|Substitution||No player substituted for may return to the game, including the replaced player if the DH takes a defensive position. Under high school rules in the United States, a player may be substituted for and return to the game once. A pitcher who leaves the game may return, but only as a fielder (not the pitcher or DH).||Free defensive substitutions, provided each player occupies the same position in the batting order. If the DP takes a defensive position, the replaced player cannot return to the game.||Free defensive substitutions, provided each player occupies the same position in the batting order.|
|Bunting||Allowed.||Allowed.||Not allowed; batter is out if contact made.|
|Foul ball with two strikes||Batter is not out unless bunting.||Batter is not out unless bunting.||Batter is generally out. In many recreational leagues, a batter is allowed one foul ball with two strikes, with the second being an automatic out.|
|Hit by pitch||Awarded first base unless swing, pitch in strike zone, or no attempt made to avoid being hit.||Awarded first base unless swing, pitch in strike zone, or attempt made to intentionally be hit, although this is rarely called by the umpire.||Not awarded first base.|
|Base stealing||Allowed at any time the ball is live (i.e. when "time" is not called).||Allowed once the ball leaves the pitcher's hand; runners may not leave base if the pitcher has the ball within the circle.||Generally not allowed, although some levels may permit stealing after a pitched ball crosses the plate or touches the ground.|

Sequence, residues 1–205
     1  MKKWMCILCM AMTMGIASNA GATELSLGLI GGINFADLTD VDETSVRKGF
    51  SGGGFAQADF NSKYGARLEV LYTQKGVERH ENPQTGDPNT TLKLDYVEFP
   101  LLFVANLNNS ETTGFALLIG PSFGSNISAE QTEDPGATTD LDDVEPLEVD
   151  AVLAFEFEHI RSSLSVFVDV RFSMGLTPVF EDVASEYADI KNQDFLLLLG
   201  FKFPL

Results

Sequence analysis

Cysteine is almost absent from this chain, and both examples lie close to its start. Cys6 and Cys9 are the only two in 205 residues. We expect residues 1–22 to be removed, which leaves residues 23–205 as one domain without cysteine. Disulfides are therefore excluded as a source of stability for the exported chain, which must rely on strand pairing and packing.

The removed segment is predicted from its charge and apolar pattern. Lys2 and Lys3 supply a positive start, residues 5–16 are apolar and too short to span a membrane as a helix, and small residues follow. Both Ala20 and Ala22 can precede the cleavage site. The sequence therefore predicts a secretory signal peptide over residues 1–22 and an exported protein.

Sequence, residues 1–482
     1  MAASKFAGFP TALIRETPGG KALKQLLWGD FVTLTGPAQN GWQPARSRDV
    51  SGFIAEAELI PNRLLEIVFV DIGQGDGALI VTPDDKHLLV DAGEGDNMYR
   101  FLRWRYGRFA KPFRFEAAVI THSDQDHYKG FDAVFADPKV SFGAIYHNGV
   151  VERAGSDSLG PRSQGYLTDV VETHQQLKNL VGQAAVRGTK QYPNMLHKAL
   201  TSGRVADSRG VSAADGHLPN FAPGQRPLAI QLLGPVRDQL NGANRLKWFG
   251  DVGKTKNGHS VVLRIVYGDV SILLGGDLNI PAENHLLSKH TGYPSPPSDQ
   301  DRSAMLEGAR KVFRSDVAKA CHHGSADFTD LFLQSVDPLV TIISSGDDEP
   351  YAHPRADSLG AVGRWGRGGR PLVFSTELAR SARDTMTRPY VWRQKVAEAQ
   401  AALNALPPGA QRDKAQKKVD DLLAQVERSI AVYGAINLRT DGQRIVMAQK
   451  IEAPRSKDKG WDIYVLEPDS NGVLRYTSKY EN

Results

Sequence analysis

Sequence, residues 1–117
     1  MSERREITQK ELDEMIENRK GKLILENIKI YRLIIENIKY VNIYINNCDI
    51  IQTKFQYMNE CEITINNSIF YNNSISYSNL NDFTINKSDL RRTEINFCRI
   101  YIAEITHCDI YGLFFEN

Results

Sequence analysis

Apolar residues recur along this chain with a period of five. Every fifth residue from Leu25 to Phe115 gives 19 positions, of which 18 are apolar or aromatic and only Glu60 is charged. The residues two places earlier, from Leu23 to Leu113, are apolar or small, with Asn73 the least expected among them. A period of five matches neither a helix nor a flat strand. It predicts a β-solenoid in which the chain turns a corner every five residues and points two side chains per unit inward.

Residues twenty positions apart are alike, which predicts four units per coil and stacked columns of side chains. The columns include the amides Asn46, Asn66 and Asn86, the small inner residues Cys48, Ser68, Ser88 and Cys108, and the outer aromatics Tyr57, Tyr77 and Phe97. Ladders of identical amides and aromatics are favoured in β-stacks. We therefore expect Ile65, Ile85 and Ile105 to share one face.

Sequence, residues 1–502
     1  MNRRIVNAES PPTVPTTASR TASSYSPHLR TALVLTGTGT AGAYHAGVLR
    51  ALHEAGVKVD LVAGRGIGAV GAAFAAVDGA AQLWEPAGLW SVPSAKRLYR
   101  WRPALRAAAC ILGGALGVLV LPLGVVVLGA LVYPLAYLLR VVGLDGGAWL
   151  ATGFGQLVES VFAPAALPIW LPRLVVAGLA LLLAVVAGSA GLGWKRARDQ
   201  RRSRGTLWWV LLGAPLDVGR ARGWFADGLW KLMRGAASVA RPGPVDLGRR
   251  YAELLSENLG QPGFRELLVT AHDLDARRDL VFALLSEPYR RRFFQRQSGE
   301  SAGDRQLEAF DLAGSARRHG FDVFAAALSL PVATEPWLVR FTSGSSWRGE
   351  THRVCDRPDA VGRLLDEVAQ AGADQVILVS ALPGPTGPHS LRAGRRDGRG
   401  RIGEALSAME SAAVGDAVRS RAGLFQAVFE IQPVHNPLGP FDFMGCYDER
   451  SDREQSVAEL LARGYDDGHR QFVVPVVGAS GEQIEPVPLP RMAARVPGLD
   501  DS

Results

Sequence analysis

|Leading from base||Same rules as for base stealing||Same rules as for base stealing||Runner is usually permitted to take a lead after the ball leaves the pitcher's hand, but must return to base between pitches if the ball is not put into play. Runner can be called out for taking a lead before the pitch.|
|Delivery||Any method; in practice, usually overhand.||Underhand; no speed or arc restrictions.||Underhand; must travel in an arc and within certain height restrictions (a common range is between 6 and 12 feet (1.8 and 3.7 m) above the ground). Umpire can call a pitch "illegal" while in flight.|
|Illegal pitch||Most infractions punished as a balk.||The ball remains live. If the batter reaches base successfully and all runners advance, no penalty; otherwise, the play is negated, the pitch attempt is automatically a ball and runners advance one base.||The ball remains live. If the batter does not swing, the pitch is automatically a ball.|
- "Official Rules – MLB.com: Official info". Retrieved 2009-08-30.
- International Softball Federation Playing Rules Committee (2002). "Official Rules of Softball" (PDF). International Softball Federation. Archived from the original (pdf) on 2007-02-18. Retrieved 2009-08-31.
- NCAA Softball Rules Committee (2009). "Softball: 2009 Rules and Interpretations" (pdf). NCAA. ISSN 1089-0106. Retrieved 2009-09-22.